Source: Press TV
Iran's deputy minister for communications and information technology has called on the UN to condemn organized cyber attacks against countries.
A snippet of malware code shows why the virus has been dubbed 'flame'.
Photo: Courtesy of Kaspersky Labs
The UN and its Communications Commission should take a stance on and condemn the organized cyber attacks, Ali Hakim Javadi, who is also the head of the Information Technology Organization of Iran, said on Wednesday.
He said that the huge investment needed for the creation of high-cost viruses such as the Stuxnet or Flame indicated that the malwares were not produced by an individual.
Iran has been the target of several cyber attacks over the past few years.
Last month, Iran's Communications and Information Technology Minister Reza Taqipour said that Tehran has complained to international organizations about the 'state cyberterrorism' against the country.
Taqipour said the cyber attacks on Iran were sponsored by specific governments and added that the computer virus Flame, for instance, was mainly sponsored by the Israeli regime and certain Western countries.
In June, a report by the Washington Post said that the US and Israel have cooperated in creating the computer virus Flame to spy on Iran.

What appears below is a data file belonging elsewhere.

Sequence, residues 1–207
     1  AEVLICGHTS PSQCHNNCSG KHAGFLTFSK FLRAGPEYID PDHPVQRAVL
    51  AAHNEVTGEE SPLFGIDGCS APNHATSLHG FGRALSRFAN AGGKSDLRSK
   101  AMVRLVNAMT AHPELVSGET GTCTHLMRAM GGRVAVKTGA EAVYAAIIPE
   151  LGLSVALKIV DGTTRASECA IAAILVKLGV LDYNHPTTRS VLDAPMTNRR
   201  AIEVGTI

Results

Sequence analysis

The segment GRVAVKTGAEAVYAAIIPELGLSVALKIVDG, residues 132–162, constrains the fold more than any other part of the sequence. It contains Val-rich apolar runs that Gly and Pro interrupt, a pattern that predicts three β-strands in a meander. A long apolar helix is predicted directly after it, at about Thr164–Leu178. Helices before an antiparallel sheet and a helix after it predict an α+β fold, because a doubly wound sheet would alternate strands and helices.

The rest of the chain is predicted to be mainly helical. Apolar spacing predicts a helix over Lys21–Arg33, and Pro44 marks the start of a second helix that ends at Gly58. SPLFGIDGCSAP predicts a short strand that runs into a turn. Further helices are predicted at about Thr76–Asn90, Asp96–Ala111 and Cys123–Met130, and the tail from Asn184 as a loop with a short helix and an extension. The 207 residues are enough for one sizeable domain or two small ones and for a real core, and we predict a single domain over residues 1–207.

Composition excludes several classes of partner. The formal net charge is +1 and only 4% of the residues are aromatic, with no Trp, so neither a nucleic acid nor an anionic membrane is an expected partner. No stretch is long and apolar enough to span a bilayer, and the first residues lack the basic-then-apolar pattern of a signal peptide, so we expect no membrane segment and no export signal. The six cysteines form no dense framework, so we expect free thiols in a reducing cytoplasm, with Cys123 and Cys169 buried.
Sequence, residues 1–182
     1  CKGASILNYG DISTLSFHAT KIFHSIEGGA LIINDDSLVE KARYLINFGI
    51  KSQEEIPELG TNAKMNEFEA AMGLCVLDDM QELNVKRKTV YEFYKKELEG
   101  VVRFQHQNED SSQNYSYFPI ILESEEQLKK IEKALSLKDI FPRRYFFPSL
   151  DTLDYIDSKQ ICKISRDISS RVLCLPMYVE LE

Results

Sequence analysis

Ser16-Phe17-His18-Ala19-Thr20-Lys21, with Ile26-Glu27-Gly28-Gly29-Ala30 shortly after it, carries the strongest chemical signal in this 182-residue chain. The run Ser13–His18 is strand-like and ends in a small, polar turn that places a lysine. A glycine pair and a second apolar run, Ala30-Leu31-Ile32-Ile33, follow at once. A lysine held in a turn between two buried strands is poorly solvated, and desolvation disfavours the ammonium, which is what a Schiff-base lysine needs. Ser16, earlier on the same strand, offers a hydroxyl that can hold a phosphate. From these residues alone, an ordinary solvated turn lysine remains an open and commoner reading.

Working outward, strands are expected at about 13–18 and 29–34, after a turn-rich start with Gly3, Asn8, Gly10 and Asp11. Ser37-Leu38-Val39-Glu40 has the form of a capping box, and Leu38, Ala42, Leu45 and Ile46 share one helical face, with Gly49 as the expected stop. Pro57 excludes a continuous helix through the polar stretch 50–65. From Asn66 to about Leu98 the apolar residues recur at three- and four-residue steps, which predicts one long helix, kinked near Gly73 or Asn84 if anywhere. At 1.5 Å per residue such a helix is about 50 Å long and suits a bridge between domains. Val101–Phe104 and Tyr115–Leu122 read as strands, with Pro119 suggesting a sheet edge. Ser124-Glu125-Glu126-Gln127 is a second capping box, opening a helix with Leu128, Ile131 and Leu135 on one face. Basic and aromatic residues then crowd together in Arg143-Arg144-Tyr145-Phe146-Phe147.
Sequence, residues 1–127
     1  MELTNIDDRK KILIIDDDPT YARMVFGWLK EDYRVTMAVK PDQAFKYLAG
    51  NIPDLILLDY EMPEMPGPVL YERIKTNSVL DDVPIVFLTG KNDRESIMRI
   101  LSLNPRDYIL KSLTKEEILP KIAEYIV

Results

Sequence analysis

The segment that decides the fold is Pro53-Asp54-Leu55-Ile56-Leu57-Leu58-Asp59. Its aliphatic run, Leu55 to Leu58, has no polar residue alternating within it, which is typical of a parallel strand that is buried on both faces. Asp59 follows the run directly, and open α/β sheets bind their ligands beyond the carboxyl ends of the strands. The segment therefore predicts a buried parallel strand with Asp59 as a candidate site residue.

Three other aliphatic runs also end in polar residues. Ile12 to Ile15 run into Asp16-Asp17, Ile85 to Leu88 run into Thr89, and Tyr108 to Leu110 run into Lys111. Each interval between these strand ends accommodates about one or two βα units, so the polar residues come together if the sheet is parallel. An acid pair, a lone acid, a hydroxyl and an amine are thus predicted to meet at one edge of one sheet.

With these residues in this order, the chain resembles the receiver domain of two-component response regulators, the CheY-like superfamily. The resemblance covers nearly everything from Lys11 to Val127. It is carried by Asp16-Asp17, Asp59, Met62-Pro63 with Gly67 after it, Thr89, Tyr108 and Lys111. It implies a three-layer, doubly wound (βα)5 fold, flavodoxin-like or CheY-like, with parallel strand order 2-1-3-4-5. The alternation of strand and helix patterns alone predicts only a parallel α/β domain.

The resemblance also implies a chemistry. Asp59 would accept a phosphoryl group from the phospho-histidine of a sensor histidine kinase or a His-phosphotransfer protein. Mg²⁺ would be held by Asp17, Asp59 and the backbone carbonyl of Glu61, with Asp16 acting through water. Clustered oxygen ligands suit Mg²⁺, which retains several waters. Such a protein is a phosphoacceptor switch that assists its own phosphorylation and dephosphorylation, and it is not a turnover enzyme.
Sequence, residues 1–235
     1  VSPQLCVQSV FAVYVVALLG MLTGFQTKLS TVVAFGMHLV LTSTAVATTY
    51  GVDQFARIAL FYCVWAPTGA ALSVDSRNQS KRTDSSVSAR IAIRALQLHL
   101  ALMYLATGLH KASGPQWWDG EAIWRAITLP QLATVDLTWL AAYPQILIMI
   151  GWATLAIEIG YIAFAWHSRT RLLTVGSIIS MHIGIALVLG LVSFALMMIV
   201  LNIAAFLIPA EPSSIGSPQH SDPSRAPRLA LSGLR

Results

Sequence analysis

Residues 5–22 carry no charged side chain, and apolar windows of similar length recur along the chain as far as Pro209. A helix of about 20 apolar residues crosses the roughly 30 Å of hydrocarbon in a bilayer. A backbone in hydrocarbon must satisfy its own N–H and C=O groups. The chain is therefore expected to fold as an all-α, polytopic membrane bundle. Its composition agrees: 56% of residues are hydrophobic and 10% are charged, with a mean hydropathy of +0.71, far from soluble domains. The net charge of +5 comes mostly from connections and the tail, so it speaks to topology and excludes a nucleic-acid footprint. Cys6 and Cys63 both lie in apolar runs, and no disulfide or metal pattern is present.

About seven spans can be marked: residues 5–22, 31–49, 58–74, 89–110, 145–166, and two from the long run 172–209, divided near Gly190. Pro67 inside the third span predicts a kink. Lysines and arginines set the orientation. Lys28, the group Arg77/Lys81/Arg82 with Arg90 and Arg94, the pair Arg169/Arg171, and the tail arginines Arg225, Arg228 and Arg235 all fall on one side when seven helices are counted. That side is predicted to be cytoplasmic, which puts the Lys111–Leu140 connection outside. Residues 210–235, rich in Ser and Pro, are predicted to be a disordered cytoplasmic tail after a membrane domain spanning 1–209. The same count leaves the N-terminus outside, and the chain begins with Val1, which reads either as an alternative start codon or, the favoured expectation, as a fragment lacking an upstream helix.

US National Security Agency, the CIA and Israel's military worked together to create the Flame virus, the American newspaper added.
In addition, the New York Times also revealed last month that US President Barack Obama secretly ordered a cyber attack with the Stuxnet computer virus against Iran to sabotage the country's nuclear energy program.
"From his first months in office, President Obama secretly ordered increasingly sophisticated attacks on the computer systems that run Iran's main nuclear enrichment facilities, significantly expanding America's first sustained use of cyber weapons," the report said.
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